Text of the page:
A lot of us composer and lyricist types became writers because we felt like we had so much to say and so much to express, and we loved putting words and music together to make great songs.  Don’t get me wrong; I believe there’s a place for anything that’s inside you that you need to express.  But not every great thought is a great piece of musical theater.  If a song waxes poetic about an emotion for three and a half minutes, and it requires the singer to belt really high and it has some really awesome chords and a great groove — it might be a blast to sing but I’m gonna have a really hard time coaching it.  Actors need something to DO, not just something to FEEL.  We contemporary writers are the worst about writing songs that just feel really good to sing and aren’t actually sustainable.

Thursday, March 14, 2013

Second LA master class added on Tuesday nights

Hi, friends!

Last week I posted about the very last LA musical theater master class I'll be able to offer before moving back to New York.  (See post below.)  Twelve hours after I announced the class, it had sold out.  The next day there was enough demand for the class to justify adding a section, so I've decided to do just that.  In addition to the Wednesday night class outlined below, I'm now also offering a Tuesday night class -- same location, same pianist, same format, same time of day.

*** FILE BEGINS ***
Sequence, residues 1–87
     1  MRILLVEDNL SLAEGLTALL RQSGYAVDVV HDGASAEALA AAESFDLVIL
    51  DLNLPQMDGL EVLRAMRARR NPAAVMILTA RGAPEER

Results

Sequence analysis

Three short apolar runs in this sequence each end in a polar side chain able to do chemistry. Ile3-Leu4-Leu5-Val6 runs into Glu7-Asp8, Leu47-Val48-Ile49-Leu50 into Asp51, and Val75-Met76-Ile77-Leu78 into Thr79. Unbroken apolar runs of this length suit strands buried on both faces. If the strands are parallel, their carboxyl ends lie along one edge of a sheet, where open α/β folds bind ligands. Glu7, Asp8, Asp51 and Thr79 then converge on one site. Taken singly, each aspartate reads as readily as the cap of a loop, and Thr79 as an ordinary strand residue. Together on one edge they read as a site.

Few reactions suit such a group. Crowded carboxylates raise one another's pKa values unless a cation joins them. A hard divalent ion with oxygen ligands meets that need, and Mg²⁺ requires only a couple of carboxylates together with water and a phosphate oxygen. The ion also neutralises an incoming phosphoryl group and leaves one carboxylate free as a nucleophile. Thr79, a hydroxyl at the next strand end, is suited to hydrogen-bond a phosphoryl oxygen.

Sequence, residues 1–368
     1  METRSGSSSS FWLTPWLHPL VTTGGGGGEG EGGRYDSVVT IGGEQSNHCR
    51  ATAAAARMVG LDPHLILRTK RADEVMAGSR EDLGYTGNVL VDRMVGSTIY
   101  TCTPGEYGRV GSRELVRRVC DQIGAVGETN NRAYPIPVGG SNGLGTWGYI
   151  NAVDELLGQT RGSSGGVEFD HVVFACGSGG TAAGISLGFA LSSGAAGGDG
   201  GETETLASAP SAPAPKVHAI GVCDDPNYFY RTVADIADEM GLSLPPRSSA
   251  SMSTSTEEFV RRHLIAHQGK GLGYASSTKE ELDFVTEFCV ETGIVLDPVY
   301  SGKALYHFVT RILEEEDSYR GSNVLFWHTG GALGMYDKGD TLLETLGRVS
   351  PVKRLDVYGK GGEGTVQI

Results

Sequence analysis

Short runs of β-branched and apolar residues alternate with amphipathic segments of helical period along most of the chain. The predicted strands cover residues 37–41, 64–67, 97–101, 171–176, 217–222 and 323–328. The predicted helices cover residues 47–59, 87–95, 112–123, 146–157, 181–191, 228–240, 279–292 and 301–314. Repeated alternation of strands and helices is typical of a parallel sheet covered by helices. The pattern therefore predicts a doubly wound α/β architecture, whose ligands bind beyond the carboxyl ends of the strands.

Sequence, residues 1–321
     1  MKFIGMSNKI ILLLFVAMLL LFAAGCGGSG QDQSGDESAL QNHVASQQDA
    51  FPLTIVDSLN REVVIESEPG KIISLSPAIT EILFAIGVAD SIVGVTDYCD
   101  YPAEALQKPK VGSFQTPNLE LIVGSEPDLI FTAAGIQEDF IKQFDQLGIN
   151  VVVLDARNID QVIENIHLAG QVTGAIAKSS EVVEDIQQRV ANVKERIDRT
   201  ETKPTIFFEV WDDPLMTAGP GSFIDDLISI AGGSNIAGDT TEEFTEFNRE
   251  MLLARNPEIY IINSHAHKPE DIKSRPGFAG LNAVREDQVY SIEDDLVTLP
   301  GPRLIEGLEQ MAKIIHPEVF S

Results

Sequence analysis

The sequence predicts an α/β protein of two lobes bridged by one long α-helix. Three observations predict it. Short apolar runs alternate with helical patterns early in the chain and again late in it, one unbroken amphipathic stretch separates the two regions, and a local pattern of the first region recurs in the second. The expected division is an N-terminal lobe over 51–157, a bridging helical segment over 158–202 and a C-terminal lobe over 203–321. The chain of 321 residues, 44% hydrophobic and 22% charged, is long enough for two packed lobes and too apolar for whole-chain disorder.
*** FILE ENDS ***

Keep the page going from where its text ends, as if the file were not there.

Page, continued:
Here are the dates:  Tuesday nights, 6:45-9:45 on April 16, 23, 30, and May 7, 14 (skip 21) and 28.

If you're interested, send an email. As of right now I have three more spots available in the Tuesday night class. Hope to see you there!


Friday, March 08, 2013

The Last Georgia Stitt LA Musical Theater Class (for a while...)

Well, here it is.  I'm announcing the LAST private 6-week musical theater class I'll be able to offer in Los Angeles in the near future.  (My family and I are relocating to NYC this summer.)  If you've been meaning to come in for private coaching, you've got a few months left for that, too.  Hope to see you soon!  (And thanks for helping me to spread the word about these classes.)

Thanks so much.

SPRING 2013 MUSICAL THEATER CLASS (Pasadena location)
with Georgia Stitt
and Ross Kalling at the piano

Wednesday nights, 6:45 - 9:45 pm (maximum 8 participants)
Six weeks: April 17, 24 and May 1, 8, 15 (skip 22; I'm out of town) and 29

Choose a music theater or pop song from any genre and either shape it into a useful audition selection or discover why it's problematic.  Topics include: audition cuts, choosing material, personalizing songs, connecting, letting the music work for you, knowing your type, and making strong choices.  Identify the structure of your song and use it to strengthen your storytelling.  By looking at phrase length, rhyme, contrast, musical gesture, and surprise, you can uncover clues from the composer that can fuel your acting choices.  Maximum eight participants.  Each singer/actor will work for 20 minutes each week.

Pasadena Presbyterian Church (Choir Room, downstairs)
585 East Colorado Boulevard
Pasadena, CA  91101

TO REGISTER FOR THIS CLASS, send an email directly to georgiastitt@mac.com.